Sukhatme’s introduction to Macalester, while attending a New York meeting of economists, was anything but auspicious. “Vasant had been mugged the night before and spent most of the evening in the ER,” recalls economics professor emeritus Karl Egge, who interviewed him for a teaching job. “He arrived with a big bandage wrapped around his head, exhausted and spooked, but oh, what a mind! I knew then he would be outstanding for our department and school. When I later reviewed student evaluations of Vasant, they often boiled down to this: ‘More than any other professor at Macalester, he taught me how to think.’”
He was a standout from the beginning. “Vasant was a young professor when I met him in his first year of teaching, but no one has had a greater influence on my career,” says Dave Abler ’82, professor of agricultural economics at Penn State and cofounder of consulting firm By The Numbers. “He sparked my interest in economics and, to this day, I appreciate and draw on his wit, insight, humor, and intellectual rigor.”
“While some students feared his scorn in the classroom—“No! Incorrect!”— to me it was an exhilarating environment in which to learn,” recalls Loyola University Chicago economics professor Tim Classen ’96. “His rigor, intensity, and passion for the subject have greatly influenced my approach in the classroom.”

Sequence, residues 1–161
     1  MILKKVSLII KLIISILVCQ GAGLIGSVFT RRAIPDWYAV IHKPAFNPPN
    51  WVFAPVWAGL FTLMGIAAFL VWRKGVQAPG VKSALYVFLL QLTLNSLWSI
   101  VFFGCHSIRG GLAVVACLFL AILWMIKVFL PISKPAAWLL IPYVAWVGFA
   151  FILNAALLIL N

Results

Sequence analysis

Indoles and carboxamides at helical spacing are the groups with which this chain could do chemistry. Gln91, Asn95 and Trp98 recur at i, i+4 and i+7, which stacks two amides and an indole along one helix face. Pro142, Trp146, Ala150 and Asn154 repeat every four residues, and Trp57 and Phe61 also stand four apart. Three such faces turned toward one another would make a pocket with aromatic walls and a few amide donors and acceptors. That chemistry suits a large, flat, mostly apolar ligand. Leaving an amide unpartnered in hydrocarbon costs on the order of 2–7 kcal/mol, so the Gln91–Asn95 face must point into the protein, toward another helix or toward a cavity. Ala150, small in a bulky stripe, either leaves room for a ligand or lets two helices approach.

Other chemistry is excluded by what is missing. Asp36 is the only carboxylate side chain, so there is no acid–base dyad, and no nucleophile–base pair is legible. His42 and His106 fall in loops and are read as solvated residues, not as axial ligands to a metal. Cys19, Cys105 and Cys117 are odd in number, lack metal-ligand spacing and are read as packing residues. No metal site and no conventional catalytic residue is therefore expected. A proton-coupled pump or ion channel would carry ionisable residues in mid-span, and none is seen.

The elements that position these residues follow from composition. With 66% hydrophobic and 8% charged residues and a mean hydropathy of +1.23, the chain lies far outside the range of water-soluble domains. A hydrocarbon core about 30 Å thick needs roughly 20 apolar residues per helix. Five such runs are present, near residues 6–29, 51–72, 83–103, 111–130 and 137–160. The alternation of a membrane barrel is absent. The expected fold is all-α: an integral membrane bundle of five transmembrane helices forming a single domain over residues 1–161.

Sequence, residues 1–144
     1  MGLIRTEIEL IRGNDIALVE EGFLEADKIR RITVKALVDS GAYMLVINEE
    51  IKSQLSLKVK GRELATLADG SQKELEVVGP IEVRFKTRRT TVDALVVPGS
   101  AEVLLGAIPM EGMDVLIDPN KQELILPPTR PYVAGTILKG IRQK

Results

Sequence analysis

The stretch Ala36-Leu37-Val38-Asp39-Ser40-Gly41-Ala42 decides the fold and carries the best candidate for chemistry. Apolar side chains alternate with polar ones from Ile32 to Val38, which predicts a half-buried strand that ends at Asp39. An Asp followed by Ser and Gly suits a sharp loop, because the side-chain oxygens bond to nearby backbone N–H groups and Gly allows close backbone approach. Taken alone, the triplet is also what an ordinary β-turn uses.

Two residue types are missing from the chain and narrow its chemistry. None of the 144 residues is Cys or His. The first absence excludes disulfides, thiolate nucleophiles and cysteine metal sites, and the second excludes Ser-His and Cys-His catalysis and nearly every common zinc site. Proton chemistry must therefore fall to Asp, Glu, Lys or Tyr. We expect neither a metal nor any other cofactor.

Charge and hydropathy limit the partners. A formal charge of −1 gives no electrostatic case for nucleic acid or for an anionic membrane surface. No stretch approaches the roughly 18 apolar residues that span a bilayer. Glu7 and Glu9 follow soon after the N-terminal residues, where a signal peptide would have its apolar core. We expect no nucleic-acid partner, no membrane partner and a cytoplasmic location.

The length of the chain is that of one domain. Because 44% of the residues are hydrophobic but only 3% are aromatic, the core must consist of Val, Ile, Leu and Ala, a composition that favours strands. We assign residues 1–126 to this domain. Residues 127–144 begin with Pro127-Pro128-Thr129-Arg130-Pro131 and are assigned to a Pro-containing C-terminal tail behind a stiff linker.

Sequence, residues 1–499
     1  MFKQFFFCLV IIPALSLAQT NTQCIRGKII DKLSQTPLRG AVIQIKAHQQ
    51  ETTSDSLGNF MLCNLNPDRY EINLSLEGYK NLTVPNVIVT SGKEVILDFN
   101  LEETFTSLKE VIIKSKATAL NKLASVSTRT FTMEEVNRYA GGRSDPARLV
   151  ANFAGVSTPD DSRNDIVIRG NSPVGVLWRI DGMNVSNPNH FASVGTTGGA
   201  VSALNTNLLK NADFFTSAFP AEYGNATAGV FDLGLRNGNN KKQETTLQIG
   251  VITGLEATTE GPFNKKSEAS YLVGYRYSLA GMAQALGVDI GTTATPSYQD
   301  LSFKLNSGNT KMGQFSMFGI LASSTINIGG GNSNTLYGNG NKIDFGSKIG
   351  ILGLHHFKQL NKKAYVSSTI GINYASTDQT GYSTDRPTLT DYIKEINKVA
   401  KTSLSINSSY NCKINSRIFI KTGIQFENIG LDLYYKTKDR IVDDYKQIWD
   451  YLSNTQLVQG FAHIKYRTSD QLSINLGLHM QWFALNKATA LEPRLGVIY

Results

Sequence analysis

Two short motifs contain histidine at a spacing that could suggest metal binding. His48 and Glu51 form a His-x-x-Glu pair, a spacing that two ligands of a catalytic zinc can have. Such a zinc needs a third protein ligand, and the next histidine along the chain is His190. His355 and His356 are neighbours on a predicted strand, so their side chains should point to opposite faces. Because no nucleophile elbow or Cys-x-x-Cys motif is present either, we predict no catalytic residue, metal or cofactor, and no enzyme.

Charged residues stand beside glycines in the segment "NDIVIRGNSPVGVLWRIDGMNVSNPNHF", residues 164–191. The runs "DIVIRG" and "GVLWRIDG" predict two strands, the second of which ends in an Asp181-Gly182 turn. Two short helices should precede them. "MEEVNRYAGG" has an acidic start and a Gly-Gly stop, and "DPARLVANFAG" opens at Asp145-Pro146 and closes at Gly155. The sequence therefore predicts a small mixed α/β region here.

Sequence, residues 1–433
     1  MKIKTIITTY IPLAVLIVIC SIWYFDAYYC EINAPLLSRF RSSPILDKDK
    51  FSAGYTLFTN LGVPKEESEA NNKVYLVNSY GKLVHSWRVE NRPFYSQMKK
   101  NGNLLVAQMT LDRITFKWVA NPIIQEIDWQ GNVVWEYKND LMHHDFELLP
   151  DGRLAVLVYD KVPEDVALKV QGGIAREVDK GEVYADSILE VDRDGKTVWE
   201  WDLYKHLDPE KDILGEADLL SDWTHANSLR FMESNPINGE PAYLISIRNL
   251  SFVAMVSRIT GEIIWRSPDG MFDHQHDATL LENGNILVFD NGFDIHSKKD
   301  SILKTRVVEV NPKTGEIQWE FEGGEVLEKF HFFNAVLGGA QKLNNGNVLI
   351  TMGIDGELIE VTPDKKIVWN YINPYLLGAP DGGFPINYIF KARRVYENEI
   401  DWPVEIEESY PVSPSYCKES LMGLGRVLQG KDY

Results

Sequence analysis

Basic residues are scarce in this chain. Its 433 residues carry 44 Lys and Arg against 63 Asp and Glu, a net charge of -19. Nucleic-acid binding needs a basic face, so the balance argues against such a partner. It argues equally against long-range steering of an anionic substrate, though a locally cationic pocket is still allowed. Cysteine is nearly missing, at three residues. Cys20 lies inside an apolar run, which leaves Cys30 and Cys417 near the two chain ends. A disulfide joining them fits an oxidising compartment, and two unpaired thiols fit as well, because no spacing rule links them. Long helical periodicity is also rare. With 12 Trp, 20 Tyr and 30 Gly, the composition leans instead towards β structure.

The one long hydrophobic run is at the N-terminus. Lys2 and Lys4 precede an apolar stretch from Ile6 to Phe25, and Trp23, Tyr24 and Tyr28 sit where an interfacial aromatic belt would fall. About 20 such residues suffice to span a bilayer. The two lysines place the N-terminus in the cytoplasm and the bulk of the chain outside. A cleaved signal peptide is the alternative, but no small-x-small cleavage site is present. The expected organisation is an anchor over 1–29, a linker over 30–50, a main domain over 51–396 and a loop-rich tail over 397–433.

“Tim Classen and I always seem to bring up Vasant when we discuss our jobs,” says University of Iowa associate professor of marketing Bill Hedgcock ’96. “Sometimes we repeat inside jokes, but … inevitably, we talk about him because he was an inspiration. We would both like to be as good as him.
“I knew very little about graduate schools when I decided to apply for a marketing PhD program. [Years later] when I contacted Vasant, he was generous with his time. I am sure his recommendation played a big role in my acceptance into a PhD program. Surviving his class also gave me the confidence that I could make it through the program.” Again, that word: surviving.
It’s not only students who have been inspired by Sukhatme. Economics Department coordinator Jane Kollasch says, “Vasant hired me in 1999, which was the best thing that ever happened to me. He has been a mentor and friend for 19 years; he has taught me so much and challenged me to the highest levels.”
During several years of phased retirement, Sukhatme has taught fall courses, then escaped Minnesota winters with trips to warmer climes. Now he and his wife, Monika, are moving to the East Coast to be nearer their son and his family. He’ll miss the students at Macalester: “The generations I’ve taught have been so intellectually stimulating—and fun. They have kept me fresh and current.”
Economics chair Pete Ferderer has the last word: “Vasant is a wonderful teacher who has set the standard many of us aspire to reach,” he says. “He employs the Socratic method, so students cannot sit in his classroom as passive listeners. They must engage and learn how to think like economists. Few professors impact their students as much as Vasant has.”
This story appeared in the Macalester Today alumni magazine’s Spring 2018 issue. Jan Shaw-Flamm ’76, a freelance writer and editor, is a frequent contributor to Macalester Today.
April 27 2018Back to top